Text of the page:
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8 FAQ's about the keffiyeh

8 FAQ's about the keffiyeh

Posted on January 26 2020

1. Is it a political statement?

"With origins as a plain headdress meant to protect from the sun in summer, from cold in winter, and from wind and dust in the desert, the kufiya is traditionally woven in black or red thread in several well-established patterns. Called kufiya (kuh-FEE-uh) mainly in the Levant, it is known by other names in other regions—ghutra, shamagh or hattah, most commonly" "Across the Arab social spectrum—from  hinterlands to capitals, from shepherds to software developers, revolutionaries to royalty, the kufiya has long been a sign of Arab identity. With fashion’s insatiable appetite for fusion, and especially since the proliferation of social media, the kufiya has been crossing historic cultural and geographical boundaries to step—confidently, it appears—into the lexicon of global cool." Read the full Aramco article HERE.

EDWARD BERTHELOT / GETTY IMAGES
In Paris, model Sidya Sarr wears a traditional black-and-white kufiya less for utility and more for street style.

 

2. Which color represents which geographical area?

Some of the SEP Jordan keffiyeh scarves have a geographical connotation, while others do not. Once they are hand-embroidered by a SEP Artist, they each become a piece unique, with a story of its own. See below for a quick guide:

3. How do I wear it?

The beauty of the keffiyeh is that you can wear it however and wherever you want! As a head-scarf, as a neck-scarf, as a pareo, to cover your shoulders, on your sofa as a throw, at the beach on your chair... One of the reasons behind launching the #keffiyehchallenge (ndr. active between Feb 1st and March 30th, stay tuned) is that we believe all the entries will provide some creative ideas and inspiration. You often ask for tutorials: some of the challenge videos will surely be tutorials and we hope you will love them!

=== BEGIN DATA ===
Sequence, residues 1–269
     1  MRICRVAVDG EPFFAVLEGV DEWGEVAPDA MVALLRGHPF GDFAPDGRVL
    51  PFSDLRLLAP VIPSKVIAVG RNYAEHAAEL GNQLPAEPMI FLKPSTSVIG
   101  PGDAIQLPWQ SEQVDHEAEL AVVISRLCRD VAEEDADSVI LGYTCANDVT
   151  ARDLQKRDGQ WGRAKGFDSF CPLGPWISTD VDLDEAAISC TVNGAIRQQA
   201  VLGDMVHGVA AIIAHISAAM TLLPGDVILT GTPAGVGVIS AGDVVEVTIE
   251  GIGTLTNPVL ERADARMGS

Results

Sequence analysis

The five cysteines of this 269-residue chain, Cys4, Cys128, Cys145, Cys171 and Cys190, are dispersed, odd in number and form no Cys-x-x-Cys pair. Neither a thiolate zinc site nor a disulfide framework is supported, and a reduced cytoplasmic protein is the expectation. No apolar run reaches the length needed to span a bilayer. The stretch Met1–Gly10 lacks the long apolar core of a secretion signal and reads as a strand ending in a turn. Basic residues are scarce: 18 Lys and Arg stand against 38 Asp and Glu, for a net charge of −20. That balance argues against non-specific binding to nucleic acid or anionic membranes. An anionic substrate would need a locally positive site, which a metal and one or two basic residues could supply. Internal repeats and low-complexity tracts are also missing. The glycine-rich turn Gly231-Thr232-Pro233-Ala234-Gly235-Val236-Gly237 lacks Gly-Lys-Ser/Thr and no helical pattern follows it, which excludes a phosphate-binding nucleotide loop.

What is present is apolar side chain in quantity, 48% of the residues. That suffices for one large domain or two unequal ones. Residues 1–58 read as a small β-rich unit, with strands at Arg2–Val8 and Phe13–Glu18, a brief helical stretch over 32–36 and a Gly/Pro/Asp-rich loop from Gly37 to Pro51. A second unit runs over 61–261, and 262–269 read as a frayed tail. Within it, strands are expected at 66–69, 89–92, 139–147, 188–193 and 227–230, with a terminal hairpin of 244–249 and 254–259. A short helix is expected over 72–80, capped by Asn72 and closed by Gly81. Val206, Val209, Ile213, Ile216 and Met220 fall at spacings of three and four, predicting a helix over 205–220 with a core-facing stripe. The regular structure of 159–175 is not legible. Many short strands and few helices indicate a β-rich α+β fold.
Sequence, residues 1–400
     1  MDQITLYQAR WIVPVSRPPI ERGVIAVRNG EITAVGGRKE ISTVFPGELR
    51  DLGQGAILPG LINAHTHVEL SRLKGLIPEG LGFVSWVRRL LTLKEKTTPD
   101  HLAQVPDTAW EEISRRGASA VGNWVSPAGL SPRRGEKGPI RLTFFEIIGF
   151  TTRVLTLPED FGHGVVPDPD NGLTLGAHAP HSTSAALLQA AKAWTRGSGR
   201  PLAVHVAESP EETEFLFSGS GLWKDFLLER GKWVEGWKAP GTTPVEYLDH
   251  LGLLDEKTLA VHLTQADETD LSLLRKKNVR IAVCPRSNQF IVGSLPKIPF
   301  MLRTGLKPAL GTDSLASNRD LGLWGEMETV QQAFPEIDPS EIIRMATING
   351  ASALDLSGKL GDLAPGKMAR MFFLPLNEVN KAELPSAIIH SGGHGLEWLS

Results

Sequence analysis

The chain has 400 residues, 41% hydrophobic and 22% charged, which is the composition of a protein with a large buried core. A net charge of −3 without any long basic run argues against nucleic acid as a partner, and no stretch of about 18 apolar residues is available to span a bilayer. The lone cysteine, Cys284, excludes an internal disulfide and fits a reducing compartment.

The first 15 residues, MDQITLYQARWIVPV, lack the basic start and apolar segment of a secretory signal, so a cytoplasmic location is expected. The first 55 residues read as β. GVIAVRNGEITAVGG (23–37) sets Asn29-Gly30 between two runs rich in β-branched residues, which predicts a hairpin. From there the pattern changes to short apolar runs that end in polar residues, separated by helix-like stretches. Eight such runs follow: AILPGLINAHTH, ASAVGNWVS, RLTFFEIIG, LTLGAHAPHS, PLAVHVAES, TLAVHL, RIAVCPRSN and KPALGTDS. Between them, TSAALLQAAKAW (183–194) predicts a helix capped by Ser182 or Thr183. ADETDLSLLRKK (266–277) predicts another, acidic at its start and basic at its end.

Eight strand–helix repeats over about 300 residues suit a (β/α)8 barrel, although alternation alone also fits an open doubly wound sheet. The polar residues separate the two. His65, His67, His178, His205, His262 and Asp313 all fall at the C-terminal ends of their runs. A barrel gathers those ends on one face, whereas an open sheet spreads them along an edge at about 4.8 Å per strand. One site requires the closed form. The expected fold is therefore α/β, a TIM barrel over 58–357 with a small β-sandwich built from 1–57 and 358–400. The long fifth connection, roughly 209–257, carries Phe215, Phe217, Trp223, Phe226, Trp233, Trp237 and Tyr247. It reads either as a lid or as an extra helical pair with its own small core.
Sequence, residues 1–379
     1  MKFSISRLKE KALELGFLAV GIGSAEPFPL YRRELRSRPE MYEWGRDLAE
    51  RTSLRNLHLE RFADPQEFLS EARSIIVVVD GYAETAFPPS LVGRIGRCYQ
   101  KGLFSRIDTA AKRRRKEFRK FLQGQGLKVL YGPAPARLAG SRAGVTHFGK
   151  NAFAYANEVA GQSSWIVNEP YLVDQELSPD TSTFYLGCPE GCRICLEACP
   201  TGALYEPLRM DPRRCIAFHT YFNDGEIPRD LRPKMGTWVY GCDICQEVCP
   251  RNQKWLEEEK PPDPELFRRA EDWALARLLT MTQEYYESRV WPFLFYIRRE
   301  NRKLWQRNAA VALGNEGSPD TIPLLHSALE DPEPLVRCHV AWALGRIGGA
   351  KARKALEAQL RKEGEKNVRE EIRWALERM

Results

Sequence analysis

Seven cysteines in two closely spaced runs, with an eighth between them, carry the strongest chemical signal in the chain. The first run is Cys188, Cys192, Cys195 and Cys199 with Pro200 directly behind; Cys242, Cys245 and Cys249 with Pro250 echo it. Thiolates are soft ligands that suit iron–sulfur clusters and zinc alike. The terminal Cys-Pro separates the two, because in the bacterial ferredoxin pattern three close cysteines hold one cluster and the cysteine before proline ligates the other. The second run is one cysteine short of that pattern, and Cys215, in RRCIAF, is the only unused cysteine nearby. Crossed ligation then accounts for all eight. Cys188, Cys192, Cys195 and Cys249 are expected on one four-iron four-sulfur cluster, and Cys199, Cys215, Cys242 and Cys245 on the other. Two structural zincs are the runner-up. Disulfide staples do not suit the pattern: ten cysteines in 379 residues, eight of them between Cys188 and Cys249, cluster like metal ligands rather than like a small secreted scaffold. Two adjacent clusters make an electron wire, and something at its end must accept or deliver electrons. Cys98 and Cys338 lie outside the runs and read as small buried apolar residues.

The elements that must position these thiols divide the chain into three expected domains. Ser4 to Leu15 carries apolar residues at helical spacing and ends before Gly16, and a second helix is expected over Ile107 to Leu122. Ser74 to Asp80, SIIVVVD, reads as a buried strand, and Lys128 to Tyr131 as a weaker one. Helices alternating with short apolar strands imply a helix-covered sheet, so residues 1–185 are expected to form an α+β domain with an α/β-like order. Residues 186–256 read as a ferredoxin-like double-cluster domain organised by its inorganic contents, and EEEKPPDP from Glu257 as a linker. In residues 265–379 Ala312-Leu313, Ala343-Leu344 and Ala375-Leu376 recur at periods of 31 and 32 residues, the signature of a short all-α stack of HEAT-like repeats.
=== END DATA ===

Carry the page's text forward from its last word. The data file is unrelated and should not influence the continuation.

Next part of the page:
4. How shall I wash it?

If you want to make 100% sure your pompoms will be protected, then hand-washing is the safest option. We wash our own keffiyeh in the washing machine, delicate programme, 30 degrees. They will dry within minutes and they will not need ironing (one of the positive aspects of the poly/acrylic composition!).

 

5. Why are the SEP keffiyeh made with poly and acrylic yarn?

As a scarf meant to protect from the sun in summer, from cold in winter, and from wind and dust in the desert, our supplier (one of the last Jordanian keffiyeh producers!) textile engineers have come up with this specific mix of polyester and acrylic, to make it a truly "technical material". We hope you will wear it all your life and pass it on to future generations, hence it will NOT be thrown away and pollute our planet!

 

6. What do I do when I pull a thread?

It can happen, especially if you wear your keffiyeh with necklaces or if you wear rings. It can be stuck in your zipper or a thread can pull when you take it off a hanger. Never mind: the keffiyeh is structured in such a way, that you can easily mend the pulled thread in 4 easy steps, without risking to see the whole pattern go!

A - Pull up the loose thread (you need at least 3cm to make sure you mend it well).

B - Cut the tip with scissors: you now have two threads coming out of your scarf.

C - Make a double or even triple knot, all the way down to the keffiyeh base fabric. 

D - Cut the loose ends. Fold the keffiyeh and open it again: it will be almost impossible to identify the mend!

 

7. How is a keffiyeh made?

The making a keffiyeh involves a complex and very special technique. Here are some snippets to show you how the SEP keffiyeh are made:

Once all the needed yarns are put in place, the flying shuttle machines will weave the base fabric and the "flower". A manual input is required to cut off loose threads between two keffiyeh. A roll of keffiyeh fabric is woven by these ancient machines and it is ready for post-production. 

The keffiyeh fabric roll is professionally ironed and then each keffiyeh is manually cut. The next stage is sawing the edges and adding the fringes, which can be done either manually or by machine.

8. How long does it take to embroider a SEP keffiyeh?

Depending on the amount of embroidery, a SEP keffyieh can take a few days to several weeks to embroider.

 

Browse our best selling Keffiyehs below, or shop the collection here >

 

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